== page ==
Every winter, a small stretch of the Illinois River, between Starved Rock State Park and the Illinois Waterways Visitors Center, becomes a temporary condominium for a convocation of eagles! These majestic creatures, with wingspans upward of eight feet in length, pay Starved Rock a visit every year when more northern state’s rivers and lakes begin to freeze.

The Illinois Audubon Society’s Plum Island Sanctuary, located at the base of the Starved Rock Lock, is commonly used by these eagles as a wintering site. The island’s seclusion, sturdy trees and proximity to a non-iced-over section of the river, makes Plum Island particularly desirable real estate for these feathered fliers. During their wintering season, which lasts anywhere between December and March, you’ll often spot these eagles circling above broken ice, trying to find their next meal, or roosting among the island’s tallest trees. To see these eagles for yourself, head to the Lover’s Leap Overlook, the peak of Starved Rock or the aptly named Eagle Cliff Overlook. Be sure to bring a pair of binoculars or a camera with a large tele-photo lens. If you left your binoculars at home, don’t fret, Starved Rock Visitors Center also loans out complementary pairs at the front desk.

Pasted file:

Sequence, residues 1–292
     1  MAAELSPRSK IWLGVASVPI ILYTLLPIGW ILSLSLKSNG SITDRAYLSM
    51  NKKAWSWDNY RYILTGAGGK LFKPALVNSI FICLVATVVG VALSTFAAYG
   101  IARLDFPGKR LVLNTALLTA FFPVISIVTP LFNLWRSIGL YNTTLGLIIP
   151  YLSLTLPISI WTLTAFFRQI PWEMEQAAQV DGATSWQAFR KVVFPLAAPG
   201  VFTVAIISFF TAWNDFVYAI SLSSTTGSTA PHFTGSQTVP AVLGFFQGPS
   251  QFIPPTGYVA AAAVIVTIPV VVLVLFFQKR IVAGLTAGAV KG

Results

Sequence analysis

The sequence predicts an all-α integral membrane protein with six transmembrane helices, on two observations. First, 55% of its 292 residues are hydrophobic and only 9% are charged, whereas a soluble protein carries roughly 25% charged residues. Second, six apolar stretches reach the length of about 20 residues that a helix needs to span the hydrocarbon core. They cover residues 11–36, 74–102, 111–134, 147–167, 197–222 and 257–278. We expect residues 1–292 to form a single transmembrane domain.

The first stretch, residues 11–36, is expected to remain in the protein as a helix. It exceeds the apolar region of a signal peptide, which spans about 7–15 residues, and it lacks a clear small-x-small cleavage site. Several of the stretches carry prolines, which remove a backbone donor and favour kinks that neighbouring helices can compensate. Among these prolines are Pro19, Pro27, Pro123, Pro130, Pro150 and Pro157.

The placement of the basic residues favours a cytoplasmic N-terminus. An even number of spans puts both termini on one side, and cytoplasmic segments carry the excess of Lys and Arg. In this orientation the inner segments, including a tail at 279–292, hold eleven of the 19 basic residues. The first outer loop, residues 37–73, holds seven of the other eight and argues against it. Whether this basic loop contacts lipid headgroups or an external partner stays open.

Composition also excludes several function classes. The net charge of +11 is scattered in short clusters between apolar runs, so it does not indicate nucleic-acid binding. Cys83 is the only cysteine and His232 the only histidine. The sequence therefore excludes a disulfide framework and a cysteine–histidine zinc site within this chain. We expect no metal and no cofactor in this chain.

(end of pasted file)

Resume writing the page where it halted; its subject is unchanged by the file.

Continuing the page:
French Canyon

STOP 5: LaSalle Canyon